as a visitor to its nieghbour South korea many times, it gave me a shudder to read how in a country without checks and balances, anthing can happen to you
for little or no reason.
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7 of 8 people found the following review helpful
5.0 out of 5 stars Mindblowing account of growing up in a North Korean gulag, 8 Feb. 2003
By A Customer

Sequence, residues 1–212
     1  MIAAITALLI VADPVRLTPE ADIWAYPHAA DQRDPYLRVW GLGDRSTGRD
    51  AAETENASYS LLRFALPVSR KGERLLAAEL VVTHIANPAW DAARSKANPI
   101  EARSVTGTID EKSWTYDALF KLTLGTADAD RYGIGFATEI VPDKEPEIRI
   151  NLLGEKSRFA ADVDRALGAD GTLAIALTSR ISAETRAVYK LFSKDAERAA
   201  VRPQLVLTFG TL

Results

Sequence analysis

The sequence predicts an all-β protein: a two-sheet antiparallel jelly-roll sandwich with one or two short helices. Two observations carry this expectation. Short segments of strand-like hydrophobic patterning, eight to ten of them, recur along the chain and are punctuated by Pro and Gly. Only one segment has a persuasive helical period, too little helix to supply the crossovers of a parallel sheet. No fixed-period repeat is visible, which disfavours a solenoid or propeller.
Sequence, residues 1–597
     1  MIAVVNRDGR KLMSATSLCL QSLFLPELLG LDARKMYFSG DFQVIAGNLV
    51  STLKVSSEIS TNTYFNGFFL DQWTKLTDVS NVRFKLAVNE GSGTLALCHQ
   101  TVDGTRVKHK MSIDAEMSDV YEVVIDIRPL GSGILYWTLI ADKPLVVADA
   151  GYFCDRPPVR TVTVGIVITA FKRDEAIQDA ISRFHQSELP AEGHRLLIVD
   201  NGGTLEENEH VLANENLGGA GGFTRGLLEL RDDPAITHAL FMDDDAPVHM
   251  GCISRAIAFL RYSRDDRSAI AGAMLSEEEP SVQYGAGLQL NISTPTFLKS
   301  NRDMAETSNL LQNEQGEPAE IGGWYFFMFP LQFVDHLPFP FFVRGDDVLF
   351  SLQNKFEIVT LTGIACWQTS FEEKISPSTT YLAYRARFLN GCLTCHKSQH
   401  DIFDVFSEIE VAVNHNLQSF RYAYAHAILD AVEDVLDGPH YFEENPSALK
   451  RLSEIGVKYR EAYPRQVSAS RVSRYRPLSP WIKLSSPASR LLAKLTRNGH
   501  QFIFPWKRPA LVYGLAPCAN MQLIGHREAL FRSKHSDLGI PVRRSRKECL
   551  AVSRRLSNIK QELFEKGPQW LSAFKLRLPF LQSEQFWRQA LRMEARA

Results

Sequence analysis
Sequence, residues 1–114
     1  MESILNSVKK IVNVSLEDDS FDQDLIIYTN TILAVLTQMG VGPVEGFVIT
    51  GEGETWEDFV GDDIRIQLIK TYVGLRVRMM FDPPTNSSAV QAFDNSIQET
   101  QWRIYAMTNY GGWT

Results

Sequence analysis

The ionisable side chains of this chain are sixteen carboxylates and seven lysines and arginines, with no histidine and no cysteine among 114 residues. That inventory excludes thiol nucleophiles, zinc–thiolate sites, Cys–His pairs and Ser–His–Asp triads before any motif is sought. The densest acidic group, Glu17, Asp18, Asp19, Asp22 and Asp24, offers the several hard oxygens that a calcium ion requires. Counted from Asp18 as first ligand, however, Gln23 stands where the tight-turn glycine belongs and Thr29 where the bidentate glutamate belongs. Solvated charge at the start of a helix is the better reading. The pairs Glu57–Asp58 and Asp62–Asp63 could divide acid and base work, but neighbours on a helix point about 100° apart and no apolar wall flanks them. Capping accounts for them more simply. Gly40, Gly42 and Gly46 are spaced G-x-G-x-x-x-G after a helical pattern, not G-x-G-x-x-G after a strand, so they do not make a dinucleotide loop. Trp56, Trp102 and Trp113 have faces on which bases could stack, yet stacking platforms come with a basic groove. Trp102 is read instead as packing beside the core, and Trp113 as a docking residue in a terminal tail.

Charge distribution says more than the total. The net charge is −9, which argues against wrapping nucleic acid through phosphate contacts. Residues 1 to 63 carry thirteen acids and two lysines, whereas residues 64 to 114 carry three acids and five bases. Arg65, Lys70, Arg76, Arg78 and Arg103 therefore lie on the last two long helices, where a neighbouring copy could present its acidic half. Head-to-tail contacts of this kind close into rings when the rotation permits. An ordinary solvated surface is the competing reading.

Attracted to this book by a keen interest in North Korea and a cracking title, 'Aquariums...' did not fail to live up to my expectations. It tells the story of a boy who, at the age of 10, is sent with his family to a North Korean gulag - their 'crime' being that they had earlier emigrated from Japan in a fit of communist pride in their homeland - not a judgement you would expect to come from anyone else except the paranoid, bureaucratic, corrupt North Korean state. That's what the author tells us anyway, and his honest - often brutally so - account of life in the gulag is a fascinating read. Perhaps the author was 'lucky' only to be 10 years old when he was incarcerated: his main concern was the survival of his beautiful aquarium fish that he somehow managed to take with him to the camp. As a result, 'Aquariums' is a much less political account than if it had been told by someone older (by my reckoning, the author is in his early 30s now) and you therefore get more of a feel for the surrounding countryside and the conditions in the different parts of the camps. That the author managed to survive is astounding, and that this book so clearly and openly depicts North Korea's recent past is no less incredible. 'Aquariums' is a step towards dispelling some of the myths surrounding the world's most enigmatic state... read it and learn.